Hairy Woodpecker

by Walt Anderson

The Hairy Woodpecker has one of the largest ranges of any North American bird. In fact, it is found in forested areas from Alaska to Panama. This bird is striking in more ways than one, so let’s take a closer look at this common neighbor of ours.

Almost anyone can recognize a woodpecker, the only good kind of chiseler. Their basic body plan is pretty similar within the family: 224 species found around the world. That powerful, chisel-like bill is the most distinctive feature, though there are plenty of anatomical similarities to clinch the deal. The Hairy gets its name from the filamentous feathers in that white cloak on its back.

The male Hairy Woodpecker has a red crown that the female lacks, and there are some differences in foraging behavior between the sexes, but both male and female are heavily invested in parental care. Monogamy is normal, as it takes both sexes to successfully incubate (the males does so at night) and raise the young. Each sex is territorial against others of the same sex; hanky panky is thus rare compared to the “sneaky” behavior of many songbirds. Through his diligent paternal efforts, the male avoids being hen-pecked. . . . Just look at that honkin’ beak! No diminutive Downy here!

The female lacks the red crown of the male. Beginning birders often mistake them for the smaller Downy Woodpecker, which has a smaller beak and black bars on the white outer tail feathers.  A useful mnemonic is that Hairy is Huge and Downy is Dainty. They are so similar that for many years, they were thought to be close cousins, but DNA evidence says that they diverged from a common ancestor about 6.5 million years ago and are NOT each other’s closest relative.  

The Hairy’s closest relative is actually the Arizona Woodpecker, which has heavily spotted and barred underparts and a brown back without a white cloak. It’s typically a bird of the Sierra Madre Occidental of Mexico, just getting up into the Sky Islands of SE Arizona. I photographed this cooperative bird this spring in Madera Canyon in the Santa Ritas south of Tucson. The Downy Woodpecker, on the other hand, is more closely related to the Nuttall’s Woodpecker of California and the similarly barred Ladder-backed Woodpecker of the SW (eastern California, Arizona, New Mexico, Texas, and much of Mexico). In fact, Downy and Nuttall’s Woodpeckers have crossed their species lines to hybridize now & then.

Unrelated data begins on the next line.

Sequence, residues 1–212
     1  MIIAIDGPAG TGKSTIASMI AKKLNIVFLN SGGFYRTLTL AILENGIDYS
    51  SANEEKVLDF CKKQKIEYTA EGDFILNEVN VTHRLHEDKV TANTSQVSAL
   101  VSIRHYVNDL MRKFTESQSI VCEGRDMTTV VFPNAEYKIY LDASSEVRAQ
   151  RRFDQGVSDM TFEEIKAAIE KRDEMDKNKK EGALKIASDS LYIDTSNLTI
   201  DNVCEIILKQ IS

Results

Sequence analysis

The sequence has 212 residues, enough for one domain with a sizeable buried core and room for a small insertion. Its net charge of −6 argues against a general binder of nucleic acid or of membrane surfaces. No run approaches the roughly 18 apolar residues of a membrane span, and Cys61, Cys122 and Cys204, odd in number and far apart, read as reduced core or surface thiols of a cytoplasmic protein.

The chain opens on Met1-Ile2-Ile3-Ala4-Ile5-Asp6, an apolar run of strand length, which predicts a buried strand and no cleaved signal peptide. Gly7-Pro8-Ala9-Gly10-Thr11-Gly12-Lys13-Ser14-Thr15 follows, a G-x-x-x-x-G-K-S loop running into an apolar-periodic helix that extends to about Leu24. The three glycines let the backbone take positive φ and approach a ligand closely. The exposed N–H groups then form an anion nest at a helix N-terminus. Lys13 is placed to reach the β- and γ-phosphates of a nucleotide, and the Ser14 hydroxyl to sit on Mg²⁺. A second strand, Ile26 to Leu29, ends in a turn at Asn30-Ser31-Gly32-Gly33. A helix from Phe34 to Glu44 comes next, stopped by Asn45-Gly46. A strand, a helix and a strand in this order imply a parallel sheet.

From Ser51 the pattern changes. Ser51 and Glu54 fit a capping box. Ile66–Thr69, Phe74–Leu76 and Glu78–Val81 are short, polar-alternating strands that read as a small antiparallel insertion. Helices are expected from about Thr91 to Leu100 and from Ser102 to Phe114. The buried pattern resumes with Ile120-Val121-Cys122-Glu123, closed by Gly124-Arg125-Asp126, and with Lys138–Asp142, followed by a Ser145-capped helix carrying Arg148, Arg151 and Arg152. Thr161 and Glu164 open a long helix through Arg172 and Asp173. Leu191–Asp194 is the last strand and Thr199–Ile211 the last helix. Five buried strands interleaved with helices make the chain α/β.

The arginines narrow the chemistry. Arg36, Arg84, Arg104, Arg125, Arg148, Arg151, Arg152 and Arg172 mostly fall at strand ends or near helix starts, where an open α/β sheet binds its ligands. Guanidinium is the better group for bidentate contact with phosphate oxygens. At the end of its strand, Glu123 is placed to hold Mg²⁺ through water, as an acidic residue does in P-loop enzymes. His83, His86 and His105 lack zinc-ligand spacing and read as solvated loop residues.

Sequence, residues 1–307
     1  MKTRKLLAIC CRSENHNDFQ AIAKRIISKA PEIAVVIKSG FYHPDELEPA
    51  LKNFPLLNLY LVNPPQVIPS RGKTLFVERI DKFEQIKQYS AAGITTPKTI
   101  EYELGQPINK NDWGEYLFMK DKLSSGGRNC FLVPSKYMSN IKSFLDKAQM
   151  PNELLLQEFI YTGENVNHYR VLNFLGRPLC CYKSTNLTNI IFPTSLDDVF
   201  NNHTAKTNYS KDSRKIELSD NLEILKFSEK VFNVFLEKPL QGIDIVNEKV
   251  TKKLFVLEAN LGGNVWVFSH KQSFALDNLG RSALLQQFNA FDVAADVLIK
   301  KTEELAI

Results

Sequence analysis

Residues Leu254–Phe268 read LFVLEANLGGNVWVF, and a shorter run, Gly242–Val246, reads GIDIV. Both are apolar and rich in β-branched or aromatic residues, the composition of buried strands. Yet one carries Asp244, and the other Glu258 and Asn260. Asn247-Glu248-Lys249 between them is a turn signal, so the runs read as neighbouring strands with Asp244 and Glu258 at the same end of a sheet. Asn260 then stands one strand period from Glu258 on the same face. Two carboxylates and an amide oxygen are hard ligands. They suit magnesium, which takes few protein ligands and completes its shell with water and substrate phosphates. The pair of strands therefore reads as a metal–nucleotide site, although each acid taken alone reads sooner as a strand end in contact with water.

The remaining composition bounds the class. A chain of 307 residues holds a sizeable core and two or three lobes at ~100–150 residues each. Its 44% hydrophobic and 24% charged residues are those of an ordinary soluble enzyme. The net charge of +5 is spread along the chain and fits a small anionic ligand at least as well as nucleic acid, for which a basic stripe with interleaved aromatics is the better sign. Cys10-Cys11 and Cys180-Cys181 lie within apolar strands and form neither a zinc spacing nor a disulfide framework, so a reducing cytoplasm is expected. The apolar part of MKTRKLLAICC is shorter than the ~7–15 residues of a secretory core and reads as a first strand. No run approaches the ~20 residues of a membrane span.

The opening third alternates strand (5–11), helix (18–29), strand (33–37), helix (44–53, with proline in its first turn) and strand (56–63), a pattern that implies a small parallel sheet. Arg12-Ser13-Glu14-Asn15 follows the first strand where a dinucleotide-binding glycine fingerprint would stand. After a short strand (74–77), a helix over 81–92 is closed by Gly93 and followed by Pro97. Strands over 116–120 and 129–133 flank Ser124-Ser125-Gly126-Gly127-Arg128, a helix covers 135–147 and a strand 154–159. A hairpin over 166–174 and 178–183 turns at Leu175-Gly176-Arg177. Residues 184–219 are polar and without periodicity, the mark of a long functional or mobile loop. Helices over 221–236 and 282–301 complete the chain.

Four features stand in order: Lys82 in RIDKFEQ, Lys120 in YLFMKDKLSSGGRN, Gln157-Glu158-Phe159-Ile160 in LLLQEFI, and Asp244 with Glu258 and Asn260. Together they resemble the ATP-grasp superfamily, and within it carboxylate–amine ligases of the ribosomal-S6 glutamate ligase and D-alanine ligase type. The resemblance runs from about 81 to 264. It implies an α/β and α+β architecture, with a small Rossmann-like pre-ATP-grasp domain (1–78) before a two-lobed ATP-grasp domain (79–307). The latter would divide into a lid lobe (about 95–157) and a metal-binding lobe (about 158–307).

This Arizona Woodpecker shows the powerful hammering that typifies a woodpecker after invertebrates in the bark. Don’t try this at home! You would expect such percussion to lead to concussion, but woodpeckers have a number of adaptations that avoid this. Their small brains (no offense implied, as they appear fairly intelligent) relative to head size are above the direct line of impact forces and have more surface area relative to volume, thus receiving much less force on the brain than we would if we did this. Like other birds, they have less cerebrospinal fluid that would transmit dangerous shock waves. That powerful bill is also used in ways that minimize potentially dangerous shearing and rotational forces. In other words, wearing a helmet is not necessary!

The big question then is why are Hairy and Downy Woodpeckers so similar if they aren’t so closely related? Well, since they do share a distant ancestor, some traits may simply be conservative, not so subject to the forces of natural selection as some other features. However, both species have different races around the continent, and those races tend to be similar where they co-occur. The leading hypothesis is that they have plumage mimicry. That is, perhaps the small Downies are able to displace other birds from food sources by looking close enough at first glance to the more powerful and intimidating Hairy. There are other unrelated woodpecker species pairs around the world that also appear to have plumage mimicry, and geographic overlap is a better predictor of similarity than are genetics, habitat, or climate. Once again in nature, appearances can be deceiving!